The United squad went to Blackpool for special training prior to the match at Blackburn in December. They played a match on the beach and did not realise that the incoming tide had left them marooned on a small island of sand. As a result they had to wade through the knee-high water back to dry land.
In February McKeag stated that at the next meeting of League chairman he would call for a fact-finding committee to be set up to look into the possibility of using all-weather pitches. And he argued that "so far as I can see the best pitch needn't be one of turf. It is not outside the bounds of imagination to picture a pitch of red shale for example".
Comedian Bobby Thompson was performing at the Empire Theatre when United were due to play Chelsea in the Cup and before the game he said he was disappointed he couldn’t be at St James' to support the team. He said he had arranged for a telephone call to be made to the theatre every 5 minutes during the game so he could keep abreast of the score and revealed that he had "verses ready to put across to the audience based on a Newcastle lead of 1, 2 or 3 goals". When asked what he would do if they were losing he replied: "there won't be any verses".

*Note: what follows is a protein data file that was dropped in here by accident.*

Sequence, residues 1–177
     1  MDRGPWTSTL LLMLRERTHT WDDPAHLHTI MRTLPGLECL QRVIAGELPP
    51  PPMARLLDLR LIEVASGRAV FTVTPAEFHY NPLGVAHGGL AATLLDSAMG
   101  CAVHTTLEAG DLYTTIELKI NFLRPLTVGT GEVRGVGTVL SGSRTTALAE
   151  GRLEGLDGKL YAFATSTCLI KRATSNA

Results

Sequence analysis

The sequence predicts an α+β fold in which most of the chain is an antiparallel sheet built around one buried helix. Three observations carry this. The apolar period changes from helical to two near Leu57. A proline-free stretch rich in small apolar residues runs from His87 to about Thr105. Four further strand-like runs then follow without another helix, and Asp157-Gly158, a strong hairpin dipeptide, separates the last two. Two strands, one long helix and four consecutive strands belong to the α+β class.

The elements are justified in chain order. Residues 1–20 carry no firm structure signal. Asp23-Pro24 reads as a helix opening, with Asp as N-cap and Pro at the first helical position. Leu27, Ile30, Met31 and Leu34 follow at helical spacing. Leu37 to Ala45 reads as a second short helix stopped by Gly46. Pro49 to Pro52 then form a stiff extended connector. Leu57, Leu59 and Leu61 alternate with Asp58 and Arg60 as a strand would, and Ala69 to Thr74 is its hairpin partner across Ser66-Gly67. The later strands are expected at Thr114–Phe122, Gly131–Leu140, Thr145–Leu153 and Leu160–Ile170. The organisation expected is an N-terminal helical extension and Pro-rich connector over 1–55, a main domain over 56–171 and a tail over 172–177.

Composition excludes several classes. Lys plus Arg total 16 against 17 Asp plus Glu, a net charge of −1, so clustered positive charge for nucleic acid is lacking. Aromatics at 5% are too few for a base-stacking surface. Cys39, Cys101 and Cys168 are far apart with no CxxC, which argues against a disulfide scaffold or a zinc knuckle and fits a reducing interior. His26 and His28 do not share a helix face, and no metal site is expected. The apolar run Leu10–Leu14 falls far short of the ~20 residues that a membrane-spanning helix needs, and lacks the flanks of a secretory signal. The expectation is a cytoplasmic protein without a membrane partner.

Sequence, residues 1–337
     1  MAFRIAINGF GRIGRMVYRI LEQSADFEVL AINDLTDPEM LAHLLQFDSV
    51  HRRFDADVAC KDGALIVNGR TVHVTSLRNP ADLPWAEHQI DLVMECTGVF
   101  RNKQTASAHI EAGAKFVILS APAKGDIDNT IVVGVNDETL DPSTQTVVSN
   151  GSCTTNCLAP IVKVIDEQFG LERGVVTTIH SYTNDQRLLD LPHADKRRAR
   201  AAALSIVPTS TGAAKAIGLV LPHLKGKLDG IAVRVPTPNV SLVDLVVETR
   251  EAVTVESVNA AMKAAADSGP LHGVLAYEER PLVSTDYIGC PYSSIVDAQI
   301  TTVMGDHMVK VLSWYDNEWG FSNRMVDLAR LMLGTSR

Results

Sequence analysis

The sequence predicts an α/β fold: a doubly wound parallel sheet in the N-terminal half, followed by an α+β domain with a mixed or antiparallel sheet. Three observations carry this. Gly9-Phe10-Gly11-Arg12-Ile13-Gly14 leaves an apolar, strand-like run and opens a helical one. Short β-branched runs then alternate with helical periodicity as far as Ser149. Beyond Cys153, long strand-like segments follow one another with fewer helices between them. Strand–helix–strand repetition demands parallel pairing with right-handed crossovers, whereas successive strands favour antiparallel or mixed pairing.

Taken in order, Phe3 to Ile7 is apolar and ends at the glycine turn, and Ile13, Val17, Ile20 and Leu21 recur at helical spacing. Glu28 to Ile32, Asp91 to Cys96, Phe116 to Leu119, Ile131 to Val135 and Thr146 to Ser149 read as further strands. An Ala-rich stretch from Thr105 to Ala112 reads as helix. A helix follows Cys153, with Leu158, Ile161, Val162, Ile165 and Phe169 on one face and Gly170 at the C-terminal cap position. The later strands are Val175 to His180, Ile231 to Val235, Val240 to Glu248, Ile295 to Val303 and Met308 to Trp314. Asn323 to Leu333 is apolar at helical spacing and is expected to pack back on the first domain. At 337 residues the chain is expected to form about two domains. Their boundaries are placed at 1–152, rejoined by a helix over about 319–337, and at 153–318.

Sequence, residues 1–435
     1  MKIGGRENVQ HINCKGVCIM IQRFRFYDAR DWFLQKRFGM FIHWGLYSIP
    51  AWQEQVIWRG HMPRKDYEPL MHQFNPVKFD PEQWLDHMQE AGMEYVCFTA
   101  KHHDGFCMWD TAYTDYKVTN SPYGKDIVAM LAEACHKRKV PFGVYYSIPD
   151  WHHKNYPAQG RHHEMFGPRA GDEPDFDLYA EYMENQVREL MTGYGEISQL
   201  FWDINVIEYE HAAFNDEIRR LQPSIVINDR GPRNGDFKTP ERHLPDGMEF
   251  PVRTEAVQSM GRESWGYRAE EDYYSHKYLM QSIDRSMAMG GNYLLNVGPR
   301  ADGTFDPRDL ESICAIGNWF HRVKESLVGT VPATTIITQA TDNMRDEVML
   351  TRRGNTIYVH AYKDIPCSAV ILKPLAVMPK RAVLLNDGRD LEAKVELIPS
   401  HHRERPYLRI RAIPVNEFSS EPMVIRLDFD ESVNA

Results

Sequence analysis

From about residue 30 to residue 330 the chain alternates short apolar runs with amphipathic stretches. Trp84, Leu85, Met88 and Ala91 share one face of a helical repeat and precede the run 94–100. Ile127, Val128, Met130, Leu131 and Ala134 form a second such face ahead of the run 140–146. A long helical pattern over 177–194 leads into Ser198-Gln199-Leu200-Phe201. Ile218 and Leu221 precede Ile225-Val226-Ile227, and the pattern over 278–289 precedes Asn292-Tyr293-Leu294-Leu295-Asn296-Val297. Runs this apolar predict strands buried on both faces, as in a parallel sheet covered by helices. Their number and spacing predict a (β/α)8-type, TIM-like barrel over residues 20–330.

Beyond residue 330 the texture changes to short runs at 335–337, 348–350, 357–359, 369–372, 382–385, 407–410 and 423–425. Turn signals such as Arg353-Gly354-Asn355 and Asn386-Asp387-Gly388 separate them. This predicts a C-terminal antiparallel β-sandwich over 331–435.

United arranged for the Romanian touring side to visit the pictures (in the afternoon) to see 'South Pacific'. They turned down the offer, but having changed their mind the evening was spent watching "The Barbarian and the Geisha" and "School for Violence".
Swedish side Halmstads left at 4.00am to travel to Newcastle for a a 3.00pm kick-off. But they were delayed at Malmo and they did not arrive in Newcastle until 5.30. They were whisked straight to the ground and had to play immediately. Despite their lack of preparation the visitors showed some flashes of good football and it was probably the best friendly so far. However, due to the delayed kick-off, many supporters left at half-time.